I’ll be firing up Bee this week to print some letterpress cards. Look for a shop update soon.
I am hell bunt on draping bunting, garland, or pennants from every shelf and window frame I can get my grubby hands on. Wow, I am inspired by these lovely collage pennants. The wheels are spinning. Steve will be thrilled! He already complains there are tote bags hanging from every door knob. Let’s call them door bunting… but functional.
Look how cool this photo garland is.
Are bunting, and garland the same thing?
a coarse, open fabric of worsted or cotton for flags, signals, etc.
patriotic and festive decorations made from such cloth, or from paper, usually in the form of draperies, wide streamers, etc., in the colors of the national flag.
flags, especially a vessel’s flags, collectively.
a wreath or festoon of flowers, leaves, or other material, worn for ornament or as an honor or hungon something as a decoration:A garland of laurel was placed on the winner’s head.
a representation of such a wreath or festoon.
a collection of short literary pieces, as poems and ballads; literary miscellany.
Nautical . a band, collar, or grommet, as of rope.
This week I’ve been knitting and watching Sir Edmond Hilary, Everest and Beyondand making comments about every hand knit sweater that appeared. Steve asked me if this was a thing with knitters, and did we all talk about it online. There usually is quite a bit. I remember we all went crazy when Bletchley Circle aired. I’m surprised to not find a lot of discussion about these knits online, as they are all spectacular.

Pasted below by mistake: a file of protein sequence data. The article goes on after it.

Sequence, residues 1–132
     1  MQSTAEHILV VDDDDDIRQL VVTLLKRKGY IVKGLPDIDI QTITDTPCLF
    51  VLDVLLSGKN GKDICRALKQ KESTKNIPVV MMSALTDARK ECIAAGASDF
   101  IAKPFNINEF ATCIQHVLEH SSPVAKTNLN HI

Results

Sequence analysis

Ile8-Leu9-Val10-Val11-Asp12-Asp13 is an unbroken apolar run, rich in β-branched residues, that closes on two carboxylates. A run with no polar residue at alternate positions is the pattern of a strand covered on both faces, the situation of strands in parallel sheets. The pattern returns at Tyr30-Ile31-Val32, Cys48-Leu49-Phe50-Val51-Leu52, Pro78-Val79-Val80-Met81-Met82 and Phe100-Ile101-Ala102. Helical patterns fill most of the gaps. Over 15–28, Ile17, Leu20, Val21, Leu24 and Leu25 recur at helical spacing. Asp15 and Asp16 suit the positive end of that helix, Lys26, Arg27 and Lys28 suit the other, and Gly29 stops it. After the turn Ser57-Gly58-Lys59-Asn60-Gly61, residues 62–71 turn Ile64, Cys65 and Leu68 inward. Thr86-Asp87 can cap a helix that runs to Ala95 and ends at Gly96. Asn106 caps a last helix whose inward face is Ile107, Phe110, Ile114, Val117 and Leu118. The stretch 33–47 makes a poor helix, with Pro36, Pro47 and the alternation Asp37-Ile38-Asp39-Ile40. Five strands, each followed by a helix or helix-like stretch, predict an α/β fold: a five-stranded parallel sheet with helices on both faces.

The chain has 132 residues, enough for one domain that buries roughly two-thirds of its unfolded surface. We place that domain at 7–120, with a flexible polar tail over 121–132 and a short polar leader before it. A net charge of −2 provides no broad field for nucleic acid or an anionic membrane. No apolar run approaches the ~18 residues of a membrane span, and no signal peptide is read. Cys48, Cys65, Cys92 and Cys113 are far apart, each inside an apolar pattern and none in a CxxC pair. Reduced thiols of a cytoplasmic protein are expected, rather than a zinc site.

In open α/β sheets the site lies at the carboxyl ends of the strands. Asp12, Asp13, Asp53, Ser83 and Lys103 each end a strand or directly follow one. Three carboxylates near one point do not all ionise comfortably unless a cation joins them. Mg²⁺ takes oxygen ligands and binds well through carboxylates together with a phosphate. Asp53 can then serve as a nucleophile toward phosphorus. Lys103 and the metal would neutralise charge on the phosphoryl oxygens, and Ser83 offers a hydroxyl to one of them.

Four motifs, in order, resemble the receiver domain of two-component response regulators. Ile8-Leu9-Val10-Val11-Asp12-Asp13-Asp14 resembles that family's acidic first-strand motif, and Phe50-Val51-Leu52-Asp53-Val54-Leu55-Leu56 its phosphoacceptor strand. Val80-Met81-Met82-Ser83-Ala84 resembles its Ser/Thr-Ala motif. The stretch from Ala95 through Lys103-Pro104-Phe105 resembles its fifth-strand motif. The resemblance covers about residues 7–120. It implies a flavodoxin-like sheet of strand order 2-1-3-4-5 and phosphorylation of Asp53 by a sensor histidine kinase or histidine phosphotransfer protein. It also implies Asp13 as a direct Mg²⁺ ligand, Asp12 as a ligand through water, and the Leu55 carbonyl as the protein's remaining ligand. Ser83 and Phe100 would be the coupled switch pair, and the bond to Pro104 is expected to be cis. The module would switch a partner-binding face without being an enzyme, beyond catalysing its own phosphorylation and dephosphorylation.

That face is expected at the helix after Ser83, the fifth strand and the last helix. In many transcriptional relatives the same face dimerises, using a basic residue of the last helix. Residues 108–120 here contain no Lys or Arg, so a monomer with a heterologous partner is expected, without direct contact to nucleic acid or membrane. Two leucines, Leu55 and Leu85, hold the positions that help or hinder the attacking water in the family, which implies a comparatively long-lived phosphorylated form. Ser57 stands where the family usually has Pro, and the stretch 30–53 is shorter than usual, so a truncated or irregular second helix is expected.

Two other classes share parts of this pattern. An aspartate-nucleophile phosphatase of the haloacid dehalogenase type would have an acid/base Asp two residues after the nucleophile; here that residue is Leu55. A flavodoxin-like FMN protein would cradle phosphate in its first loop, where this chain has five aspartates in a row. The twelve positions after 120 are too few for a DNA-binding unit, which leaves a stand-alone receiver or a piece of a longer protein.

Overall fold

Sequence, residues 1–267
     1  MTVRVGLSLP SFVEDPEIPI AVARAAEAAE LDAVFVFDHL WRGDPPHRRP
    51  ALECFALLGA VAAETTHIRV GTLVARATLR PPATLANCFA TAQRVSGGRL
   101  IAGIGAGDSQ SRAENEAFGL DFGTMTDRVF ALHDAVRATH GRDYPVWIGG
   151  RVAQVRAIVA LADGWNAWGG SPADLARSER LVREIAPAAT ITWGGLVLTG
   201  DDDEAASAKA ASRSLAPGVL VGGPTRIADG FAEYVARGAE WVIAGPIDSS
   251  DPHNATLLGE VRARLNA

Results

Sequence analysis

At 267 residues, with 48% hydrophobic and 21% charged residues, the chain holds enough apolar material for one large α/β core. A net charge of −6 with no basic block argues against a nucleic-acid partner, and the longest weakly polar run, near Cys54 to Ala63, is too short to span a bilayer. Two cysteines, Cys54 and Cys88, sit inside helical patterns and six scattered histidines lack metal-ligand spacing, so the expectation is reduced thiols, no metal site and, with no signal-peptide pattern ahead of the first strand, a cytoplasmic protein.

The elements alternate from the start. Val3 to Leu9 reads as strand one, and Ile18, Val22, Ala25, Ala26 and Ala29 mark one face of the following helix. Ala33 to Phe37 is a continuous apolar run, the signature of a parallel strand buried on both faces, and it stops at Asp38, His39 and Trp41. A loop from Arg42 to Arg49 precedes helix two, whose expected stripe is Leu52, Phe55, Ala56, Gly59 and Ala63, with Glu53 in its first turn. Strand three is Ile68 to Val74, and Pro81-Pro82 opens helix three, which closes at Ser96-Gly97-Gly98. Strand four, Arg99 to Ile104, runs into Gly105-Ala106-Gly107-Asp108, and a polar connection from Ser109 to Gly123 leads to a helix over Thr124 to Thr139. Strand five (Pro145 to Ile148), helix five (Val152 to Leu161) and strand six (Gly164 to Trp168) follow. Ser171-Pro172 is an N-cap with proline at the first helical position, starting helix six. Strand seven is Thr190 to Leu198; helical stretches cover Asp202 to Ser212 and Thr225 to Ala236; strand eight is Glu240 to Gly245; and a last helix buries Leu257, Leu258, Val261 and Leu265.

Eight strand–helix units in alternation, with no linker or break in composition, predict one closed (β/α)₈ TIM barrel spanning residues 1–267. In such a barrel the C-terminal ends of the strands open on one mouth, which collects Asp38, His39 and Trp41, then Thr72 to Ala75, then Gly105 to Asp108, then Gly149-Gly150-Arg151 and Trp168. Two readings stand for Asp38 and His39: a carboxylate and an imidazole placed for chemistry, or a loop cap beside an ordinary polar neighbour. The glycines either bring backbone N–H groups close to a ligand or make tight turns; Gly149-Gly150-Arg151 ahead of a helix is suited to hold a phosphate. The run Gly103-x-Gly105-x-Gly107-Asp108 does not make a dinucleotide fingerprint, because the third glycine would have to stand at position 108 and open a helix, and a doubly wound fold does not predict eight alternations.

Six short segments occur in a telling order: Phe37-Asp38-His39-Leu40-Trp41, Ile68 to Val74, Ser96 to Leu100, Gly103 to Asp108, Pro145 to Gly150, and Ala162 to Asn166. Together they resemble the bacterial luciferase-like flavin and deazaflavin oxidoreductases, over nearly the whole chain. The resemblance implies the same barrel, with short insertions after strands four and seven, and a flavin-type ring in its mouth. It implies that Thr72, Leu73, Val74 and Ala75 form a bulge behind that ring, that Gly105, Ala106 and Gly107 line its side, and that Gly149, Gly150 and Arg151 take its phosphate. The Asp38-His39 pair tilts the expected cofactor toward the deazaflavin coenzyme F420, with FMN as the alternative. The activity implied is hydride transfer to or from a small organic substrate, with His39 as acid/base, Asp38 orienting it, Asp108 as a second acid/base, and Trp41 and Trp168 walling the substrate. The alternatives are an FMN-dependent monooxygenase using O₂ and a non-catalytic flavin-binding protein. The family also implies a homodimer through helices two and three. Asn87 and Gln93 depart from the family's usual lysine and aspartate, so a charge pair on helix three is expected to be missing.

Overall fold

Food for thought
I’m embarrassed to admit this but we waste a lot of food in my household. And by we, I mean me, because my husband is far less particular about eating deli meat and leftovers that have been in the fridge for 3 days. I was made very aware of this when I was volunteering at our community food pantry and humbled by how happy the clients were to receive a clamshell pack of almost gone strawberries that I would have tossed or thrown in the compost heap. Ahem, the compost heap is one way I rationalize waste.
I’ve recently started utilizing curbside pick-up at my local grocery during the work week. Not only do I believe this is saving us money, but it’s virtually impossible to get distracted by all the lovely berries and fresh greens when I’m adding things to my online shopping cart.
This Real Simple article has great tips for reducing food waste at home. Keeping a “waste audit” is a great idea.
Knitting together community for 11 years
Tomorrow our favorite LYS Yarnorama (that’s local yarn store for the non-knitters) is celebrating 11 years of (insert fiber metaphor here) community in the tiny town of Paige, Texas. Weavers, knitters, spinners, and fiber obsessed have been making the weekly trek from Houston to be part of a community of fiber enthusiasts and friends.
The other night at our She Creates Union meet up, Susan talked about what the community she started has come to mean to her. It’s not my story to tell, so that’s all I say. Perhaps she’ll elaborate herself on her own website. It was lovely, and made us all bit misty.
Everyone who knows Susan and John, knows they have created something very special, and so obviously needed. Susan is a brilliant, patient, talented, and funny woman who nurtures us all in our endeavors to make beautiful things with our hands.
I like to brag that I was her first customer. Susan reached out to me on this blog before she even opened her doors, inviting me to her opening.
Let’s go back in time to read this blog post about my first visit to Yarnorama. I obviously felt that something special was going to happen there. Read the post here